Beverley, East Riding of Yorkshire
A workhouse was set up in Beverley in 1727 following Knatchbull's Act of 1723, which allowed parishes to combine for this purpose. The joint parish of St Mary and St Nicholas together with St Martin operated a combined workhouse until 1795 when the premises were divided in two.
The opening of Beverley's workhouse was the subject of a report in the second edition (1732) of An Account of Several Workhouses... dated March 25, 1728. The workhouse appears to have been highly effective in reducing the number of claimants on the poor rate.
The most of the Poor who have come into the Workhouse, being either very old, or Children, we have not much benefit from their Labour; such as have been accustomed to spin, knit, sew, or work Lace, we employ in what they have been used to, the rest in picking Ockam, in the Business of the House or Garden, or let out for Hire as Labourers, or to work at their respective Trades for such Wages as we can get, and for which they were too proud, or too lazy to work, before they were under our Management; and for that Reason, either starved, or were thrown upon the Parish. As to their Diet, we allow Flesh Meat twice a Week, on other Days, Rice-Milk, Hasty-Puddings, Pease-Porridge, Baked Cakes, Puddings or Dumplins; for Breakfast and Supper, Bread and Milk in Summer, Milk-Porridge in Winter, and sometimes Bread and Cheese.
To encourage the Poor People to work, we allow them two Pence out of every Shilling they earn. We oblige the poor that come into the Workhouse to wear Badges on their Sleeves, pursuant to the Statute: This we found our selves obliged to do, to prevent some People coming into the House, who might not be necessitated to do, or might have some Relations able to relieve them, and who would, or did so, rather than suffer the Badge to be worn.
A parliamentary report of 1777 recorded local workhouses in operation at Beverley (for up to 100 inmates), Kilnwick (4),Lund (4), North Newbald (4), and South Newbald (6).
South Cave had a workhouse from 1786 at West End. The establishment was also used by the parish of Broomfleet in aroun 1812-15.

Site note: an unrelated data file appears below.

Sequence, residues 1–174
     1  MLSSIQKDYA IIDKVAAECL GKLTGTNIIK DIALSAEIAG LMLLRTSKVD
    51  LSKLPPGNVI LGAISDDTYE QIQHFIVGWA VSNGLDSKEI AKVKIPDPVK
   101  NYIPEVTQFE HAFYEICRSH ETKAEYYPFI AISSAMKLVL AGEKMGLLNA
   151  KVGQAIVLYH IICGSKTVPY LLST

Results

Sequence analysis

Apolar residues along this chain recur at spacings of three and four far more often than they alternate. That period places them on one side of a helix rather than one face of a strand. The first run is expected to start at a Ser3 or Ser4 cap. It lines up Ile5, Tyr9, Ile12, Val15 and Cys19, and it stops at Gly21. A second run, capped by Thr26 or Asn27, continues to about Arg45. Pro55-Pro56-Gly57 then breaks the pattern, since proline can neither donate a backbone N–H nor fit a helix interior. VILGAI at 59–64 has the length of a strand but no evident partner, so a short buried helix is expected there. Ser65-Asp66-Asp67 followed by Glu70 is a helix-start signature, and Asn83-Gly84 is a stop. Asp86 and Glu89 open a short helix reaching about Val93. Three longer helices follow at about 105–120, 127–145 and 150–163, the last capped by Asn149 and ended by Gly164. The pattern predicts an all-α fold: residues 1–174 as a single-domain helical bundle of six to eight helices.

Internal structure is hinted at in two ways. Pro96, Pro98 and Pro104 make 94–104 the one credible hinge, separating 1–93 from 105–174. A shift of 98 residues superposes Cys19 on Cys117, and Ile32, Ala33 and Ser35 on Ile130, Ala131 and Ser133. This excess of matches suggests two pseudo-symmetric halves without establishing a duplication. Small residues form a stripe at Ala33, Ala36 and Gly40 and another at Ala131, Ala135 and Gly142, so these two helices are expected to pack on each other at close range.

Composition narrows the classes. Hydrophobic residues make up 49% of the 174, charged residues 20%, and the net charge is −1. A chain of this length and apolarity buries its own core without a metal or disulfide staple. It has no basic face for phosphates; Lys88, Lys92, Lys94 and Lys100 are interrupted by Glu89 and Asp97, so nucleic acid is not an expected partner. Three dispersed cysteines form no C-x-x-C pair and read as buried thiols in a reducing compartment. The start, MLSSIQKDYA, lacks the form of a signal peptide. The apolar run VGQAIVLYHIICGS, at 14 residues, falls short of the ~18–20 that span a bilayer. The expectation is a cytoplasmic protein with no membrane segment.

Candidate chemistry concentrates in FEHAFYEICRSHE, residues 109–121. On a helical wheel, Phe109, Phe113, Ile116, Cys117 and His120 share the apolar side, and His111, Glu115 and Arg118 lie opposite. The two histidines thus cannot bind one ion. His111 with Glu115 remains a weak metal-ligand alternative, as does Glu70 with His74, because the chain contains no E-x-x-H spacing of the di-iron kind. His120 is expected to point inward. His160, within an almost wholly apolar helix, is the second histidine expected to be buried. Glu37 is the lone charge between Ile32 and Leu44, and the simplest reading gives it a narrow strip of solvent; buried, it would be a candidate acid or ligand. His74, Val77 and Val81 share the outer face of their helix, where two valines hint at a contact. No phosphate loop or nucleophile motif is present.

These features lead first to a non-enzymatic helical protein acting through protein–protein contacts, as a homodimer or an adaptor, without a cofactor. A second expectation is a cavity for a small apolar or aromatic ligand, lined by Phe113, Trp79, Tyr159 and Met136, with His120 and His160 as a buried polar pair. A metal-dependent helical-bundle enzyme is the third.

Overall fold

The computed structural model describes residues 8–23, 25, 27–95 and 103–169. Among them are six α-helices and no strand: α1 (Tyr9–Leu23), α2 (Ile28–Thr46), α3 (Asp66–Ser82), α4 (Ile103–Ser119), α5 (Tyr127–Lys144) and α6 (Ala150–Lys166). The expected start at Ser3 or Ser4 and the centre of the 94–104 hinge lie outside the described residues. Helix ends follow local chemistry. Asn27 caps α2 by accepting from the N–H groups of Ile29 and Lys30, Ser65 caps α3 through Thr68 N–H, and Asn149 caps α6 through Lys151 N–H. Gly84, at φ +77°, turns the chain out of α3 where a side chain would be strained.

Beverley Poor Law Union officially came into being on 15th November 1836. Its operation was overseen by an elected Board of Guardians, 38 in number, representing its 36 constituent parishes as listed below (figures in brackets indicate numbers of Guardians if more than one):
East Riding: Aike, Beswick, Beverley St Mary (2), Beverley St Martin (2), Beverley St Nicholas, Bishop Burton, Brantingham, Cherry Burton, Ellerker, Elloughton with Brough, Elton, Eske, Holme-on-the-Wolds, Kilnwick, Leckonfield, Leven, Lockington (part of), Lockington (part of), Lund, Meaux, Molescroft, North Newbald, South Newbald, Routh, Rowley, Scorborough, Skidby, South Cave, South Dalton, Stockhill, Thearn, Tickton, Walkington, Wawn or Waghan, Weel, Woodmancy & Beverley Park.
The population falling within the Union at the 1831 census had been 15,868 with parishes ranging in size from Stockhill (population 34) to Beverley St Mary (3,359). The average annual poor-rate expenditure for the period 1834-6 had been £7,069.
The Minster Moor Gate Workhouse
Initially, the Beverley Guardians declined to build a new workhouse but made use of an existing building on the south side of Minster Moor Gate, Beverley. Its location and layout are shown on the 1853 map below.
Males were accommodated at the west of the building and females at the east, with the Master's quarters at the centre. Narrow yards for each class of inmate lay at the rear of the premises, with a utility block at the southern end containing bath-house, bakehouse, and sheds. The men's yard had a dividing partition half way down, presumably to confine the men to the northern end while other classes accessed the bath-house via connecting gates at the southern ends of their yards.
The building was sold in 1864 after the opening of a new workhouse at Westwood and then demolished.
The Westwood Workhouse
In 1860-61, after the Beverley Guardians had finally agreed to the erection of a new building, a workhouse for 189 inmates was erected at Westwood, at the south-west of Beverley. Its location and layout are shown on the 1926 map below.
The red brick Tudor-style building cost £5,500 and was designed was by John and William Atkinson of York. The Atkinsons were responsible for a number of other Yorkshire workhouses including Bedale, Easingwold, Guisborough, Goole, Howden, Pocklington, Skirlaugh and York.
In 1892-4, a 60-bed infirmary was added, together with casual wards for 41 vagrants (29 male and 12 female) and 6 stone-breaking cells. The infirmary consisted of a central administrative block and two pavilions, one for men and one for women.
A new entrance lodge and casual wards were added in 1895.
The workhouse later became Beverley Public Assistance Institution, but was taken over as a hospital in 1939. During the Second World War, the site was a base hospital of the Emergency Medical Scheme and in 1940 eight timber-built ward blocks were erected at the north of the site. After 1948, the site became known as Westwood Hospital.
By the early 1920s, the Beverley Union was operating a children's Receiving Home on Norwood, for children coming into the union's care. In 1924, it could house up to 18 children, with Miss A. Ward as Superintendent.
Note: many repositories impose a closure period of up to 100 years for records identifying individuals.
- East Riding of Yorkshire Archives and Local Studies, The Treasure House, Champney Road, Beverley HU17 9BA . Holdings include: Guardians' minute books (1836-1930 with large gaps); etc.
Unless otherwise indicated, this page () is copyright Peter Higginbotham. Contents may not be reproduced without permission.